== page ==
"The biggest thing that has helped Lee has been himself," said Ronnie Peacock, who coached Ziemba at Rogers High. "He works really hard on his strength and being 6-7, 300-plus pounds with the strength he has lends him the opportunity to go in there as a freshman, with his mentality and his confidence, that he can get the job done."
The freshmen proved it with their performance during Auburn's 20-17 upset win against defending national champion Florida two weeks ago.
Burns didn't play as much as he had in the previous two games, but did score the first touchdown on a six-yard run. Ziemba was part of an offensive line that kept the Gators defense at bay most of the night. Both said the experience in The Swamp was incredible.
"Florida is extremely loud," Ziemba said. "Communication was real tough. But we had to grow up. That's what this is about: Growing up and getting the job done when you're needed."
They're looking forward to their first trip to Arkansas, but will be prepared for a hostile reception. Ziemba and Burns were among the state's most coveted prospects last season and considered scholarship offers from Arkansas. But both turned them down in favor of Auburn.
Family ties was a big factor for Ziemba, whose parents both attended Auburn. Peacock also said Ziemba — who has attended between 20 or 30 Arkansas games in his life — meshed with the coaching staff and several offensive linemen during his visit.
"I still think it was a struggle," Peacock said of Ziemba's decision. "I don't know to what extent, but, obviously, what's been going on down there could've played somewhat on his decision.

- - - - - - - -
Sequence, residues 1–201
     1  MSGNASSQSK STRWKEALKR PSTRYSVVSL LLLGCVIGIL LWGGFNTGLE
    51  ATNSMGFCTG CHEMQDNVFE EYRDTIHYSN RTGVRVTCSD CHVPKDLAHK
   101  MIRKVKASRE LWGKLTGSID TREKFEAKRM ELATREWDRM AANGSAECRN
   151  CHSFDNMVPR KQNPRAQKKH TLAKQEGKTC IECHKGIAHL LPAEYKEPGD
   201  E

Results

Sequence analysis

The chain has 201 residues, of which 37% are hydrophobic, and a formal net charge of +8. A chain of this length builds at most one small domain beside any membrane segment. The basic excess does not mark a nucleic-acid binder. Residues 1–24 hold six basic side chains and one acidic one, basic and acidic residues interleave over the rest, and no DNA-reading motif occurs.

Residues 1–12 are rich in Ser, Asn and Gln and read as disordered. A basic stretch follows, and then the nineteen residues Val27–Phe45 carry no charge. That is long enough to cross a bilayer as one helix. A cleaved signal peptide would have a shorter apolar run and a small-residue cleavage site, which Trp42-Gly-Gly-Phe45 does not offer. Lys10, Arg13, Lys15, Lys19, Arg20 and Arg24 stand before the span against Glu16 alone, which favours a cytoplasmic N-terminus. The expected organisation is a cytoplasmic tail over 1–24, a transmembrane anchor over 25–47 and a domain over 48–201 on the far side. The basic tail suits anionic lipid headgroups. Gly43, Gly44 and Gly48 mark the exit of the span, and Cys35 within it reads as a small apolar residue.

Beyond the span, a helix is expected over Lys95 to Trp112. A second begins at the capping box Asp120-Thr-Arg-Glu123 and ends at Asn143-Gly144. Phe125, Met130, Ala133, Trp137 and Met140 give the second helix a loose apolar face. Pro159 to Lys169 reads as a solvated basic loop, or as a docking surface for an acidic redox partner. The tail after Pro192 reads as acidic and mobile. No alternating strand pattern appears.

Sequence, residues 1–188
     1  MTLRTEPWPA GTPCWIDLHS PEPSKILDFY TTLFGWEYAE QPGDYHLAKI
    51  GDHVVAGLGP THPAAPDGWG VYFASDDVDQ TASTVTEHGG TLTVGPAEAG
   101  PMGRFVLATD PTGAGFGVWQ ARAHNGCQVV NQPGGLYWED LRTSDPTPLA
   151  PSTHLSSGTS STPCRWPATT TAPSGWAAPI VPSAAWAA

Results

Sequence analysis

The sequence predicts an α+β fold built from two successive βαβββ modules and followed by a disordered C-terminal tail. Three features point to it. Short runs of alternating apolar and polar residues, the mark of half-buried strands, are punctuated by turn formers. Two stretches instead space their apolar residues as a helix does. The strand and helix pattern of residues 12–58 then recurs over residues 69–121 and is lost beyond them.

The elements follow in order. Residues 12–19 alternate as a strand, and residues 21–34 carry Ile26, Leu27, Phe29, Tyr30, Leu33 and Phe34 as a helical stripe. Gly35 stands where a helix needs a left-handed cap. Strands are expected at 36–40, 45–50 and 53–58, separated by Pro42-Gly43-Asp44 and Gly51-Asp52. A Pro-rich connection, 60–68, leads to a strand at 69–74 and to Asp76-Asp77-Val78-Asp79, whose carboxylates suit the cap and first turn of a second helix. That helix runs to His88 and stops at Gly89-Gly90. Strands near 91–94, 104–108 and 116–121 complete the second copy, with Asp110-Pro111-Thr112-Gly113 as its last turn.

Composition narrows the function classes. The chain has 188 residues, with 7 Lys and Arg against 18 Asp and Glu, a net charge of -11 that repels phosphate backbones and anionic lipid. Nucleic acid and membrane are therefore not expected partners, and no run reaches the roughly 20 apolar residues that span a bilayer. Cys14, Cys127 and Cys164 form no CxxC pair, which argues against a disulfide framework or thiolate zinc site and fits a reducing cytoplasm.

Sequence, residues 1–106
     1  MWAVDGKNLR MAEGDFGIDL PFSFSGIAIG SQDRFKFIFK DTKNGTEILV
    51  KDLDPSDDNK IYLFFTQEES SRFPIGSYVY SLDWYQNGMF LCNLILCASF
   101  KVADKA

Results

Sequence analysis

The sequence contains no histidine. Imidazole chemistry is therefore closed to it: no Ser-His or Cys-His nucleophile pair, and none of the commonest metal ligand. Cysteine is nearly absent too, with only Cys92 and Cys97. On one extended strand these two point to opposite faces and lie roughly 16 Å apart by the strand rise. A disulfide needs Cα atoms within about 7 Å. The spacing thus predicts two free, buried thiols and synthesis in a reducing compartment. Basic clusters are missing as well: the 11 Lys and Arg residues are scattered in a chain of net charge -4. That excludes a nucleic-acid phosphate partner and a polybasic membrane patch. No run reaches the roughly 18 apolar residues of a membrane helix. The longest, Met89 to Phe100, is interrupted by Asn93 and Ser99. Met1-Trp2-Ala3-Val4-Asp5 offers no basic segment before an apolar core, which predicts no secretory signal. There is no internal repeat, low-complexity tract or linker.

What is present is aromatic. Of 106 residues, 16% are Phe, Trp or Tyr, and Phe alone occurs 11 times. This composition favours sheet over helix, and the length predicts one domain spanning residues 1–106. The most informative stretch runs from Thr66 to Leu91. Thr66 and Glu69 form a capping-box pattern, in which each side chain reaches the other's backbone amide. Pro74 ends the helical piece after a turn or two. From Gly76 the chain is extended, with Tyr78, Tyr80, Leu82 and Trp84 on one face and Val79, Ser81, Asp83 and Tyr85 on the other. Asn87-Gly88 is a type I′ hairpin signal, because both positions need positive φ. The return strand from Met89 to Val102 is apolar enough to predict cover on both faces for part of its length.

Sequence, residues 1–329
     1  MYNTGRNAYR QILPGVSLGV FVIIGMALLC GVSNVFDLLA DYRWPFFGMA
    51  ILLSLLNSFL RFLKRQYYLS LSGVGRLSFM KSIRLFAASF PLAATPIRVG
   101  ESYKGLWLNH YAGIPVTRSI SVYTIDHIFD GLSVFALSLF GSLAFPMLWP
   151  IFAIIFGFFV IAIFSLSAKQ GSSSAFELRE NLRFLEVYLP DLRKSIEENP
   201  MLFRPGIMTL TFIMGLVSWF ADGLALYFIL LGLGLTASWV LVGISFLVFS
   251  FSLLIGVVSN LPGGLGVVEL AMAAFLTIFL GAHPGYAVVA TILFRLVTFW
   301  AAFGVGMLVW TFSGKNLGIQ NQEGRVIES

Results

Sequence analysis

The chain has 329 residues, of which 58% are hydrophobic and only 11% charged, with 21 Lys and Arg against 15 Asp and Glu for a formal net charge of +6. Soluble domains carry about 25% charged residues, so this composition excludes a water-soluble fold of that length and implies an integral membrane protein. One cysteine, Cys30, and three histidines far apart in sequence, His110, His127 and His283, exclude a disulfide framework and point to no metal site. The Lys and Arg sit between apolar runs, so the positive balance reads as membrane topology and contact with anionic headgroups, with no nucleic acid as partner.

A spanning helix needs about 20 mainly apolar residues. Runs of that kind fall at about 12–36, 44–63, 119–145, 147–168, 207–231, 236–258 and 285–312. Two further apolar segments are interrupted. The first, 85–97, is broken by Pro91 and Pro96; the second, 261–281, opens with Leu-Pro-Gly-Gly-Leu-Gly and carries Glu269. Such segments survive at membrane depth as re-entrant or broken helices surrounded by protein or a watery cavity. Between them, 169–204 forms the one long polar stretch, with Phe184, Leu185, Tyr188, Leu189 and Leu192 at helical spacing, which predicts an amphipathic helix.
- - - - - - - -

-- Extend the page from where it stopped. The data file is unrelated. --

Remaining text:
"After his visit and having the background of his family being from that area and everything, he just decided pretty early that he was definitely interested in Auburn. Obviously, they were definitely interested in him and thought he was going to be one of their best recruits."
Ultimately, Ziemba said Auburn was the "best fit." So did Burns, who also said part of his decision was the opportunity to experience new things by leaving the state.
Burns denied the notion he didn't attend Arkansas because the program had freshman Mitch Mustain, who, at the time, was wrapping up his first and last season with the Hogs.
"He had nothing to do with the fact of me coming to Auburn," Burns said. "I looked at it as, (former Arkansas offensive coordinator) Gus Malzahn was somebody I really wanted to play for my whole life. He's a great guy. Even after talking to him, I still felt like Auburn was the right place for me. ... Making the decision had nothing to do with Mitch Mustain."
Henry — who regularly attends Arkansas games — said the decision of both players to leave the state to play college football shouldn't overshadow their impact.
In fact, he said their early success at Auburn speaks volumes about the region.
"It makes our conference look good," Henry said. "It makes Northwest Arkansas look good, in my opinion, that those guys can go on the biggest stage in college football and perform as true freshmen the way that they're doing."
Henry and Peacock said they'll be rooting for their players during Saturday's game. They're hoping the Razorbacks play well, too. So count them among the crowd that will be applauding Ziemba and Burns as they make their homecoming against the Razorbacks.
Will they be among the minority? Burns and Ziemba aren't sure. But they don't mind, either.
"I don't know," Burns said. "I'm on an opposing team. Florida, we got booed. I'm not saying going into Arkansas I'm expecting that, but if it happens, that's part of the game.
"It's not going to get me down at all if they boo me. Actually, it will make me smile a little bit."